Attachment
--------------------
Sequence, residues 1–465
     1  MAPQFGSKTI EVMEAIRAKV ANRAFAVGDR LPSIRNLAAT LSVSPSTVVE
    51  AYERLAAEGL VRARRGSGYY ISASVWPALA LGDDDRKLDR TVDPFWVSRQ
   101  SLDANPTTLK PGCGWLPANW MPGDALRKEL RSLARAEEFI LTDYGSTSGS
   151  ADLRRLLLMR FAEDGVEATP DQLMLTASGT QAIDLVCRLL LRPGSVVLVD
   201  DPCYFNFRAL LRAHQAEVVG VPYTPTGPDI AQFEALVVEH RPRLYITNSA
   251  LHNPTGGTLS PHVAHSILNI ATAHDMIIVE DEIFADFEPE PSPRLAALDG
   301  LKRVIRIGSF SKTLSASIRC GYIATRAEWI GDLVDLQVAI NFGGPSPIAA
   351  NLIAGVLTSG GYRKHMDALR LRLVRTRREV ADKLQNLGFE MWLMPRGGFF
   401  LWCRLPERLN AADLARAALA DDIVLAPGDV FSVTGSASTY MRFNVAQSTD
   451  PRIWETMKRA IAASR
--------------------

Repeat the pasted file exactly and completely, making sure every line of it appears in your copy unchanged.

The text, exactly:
Sequence, residues 1–465
     1  MAPQFGSKTI EVMEAIRAKV ANRAFAVGDR LPSIRNLAAT LSVSPSTVVE
    51  AYERLAAEGL VRARRGSGYY ISASVWPALA LGDDDRKLDR TVDPFWVSRQ
   101  SLDANPTTLK PGCGWLPANW MPGDALRKEL RSLARAEEFI LTDYGSTSGS
   151  ADLRRLLLMR FAEDGVEATP DQLMLTASGT QAIDLVCRLL LRPGSVVLVD
   201  DPCYFNFRAL LRAHQAEVVG VPYTPTGPDI AQFEALVVEH RPRLYITNSA
   251  LHNPTGGTLS PHVAHSILNI ATAHDMIIVE DEIFADFEPE PSPRLAALDG
   301  LKRVIRIGSF SKTLSASIRC GYIATRAEWI GDLVDLQVAI NFGGPSPIAA
   351  NLIAGVLTSG GYRKHMDALR LRLVRTRREV ADKLQNLGFE MWLMPRGGFF
   401  LWCRLPERLN AADLARAALA DDIVLAPGDV FSVTGSASTY MRFNVAQSTD
   451  PRIWETMKRA IAASR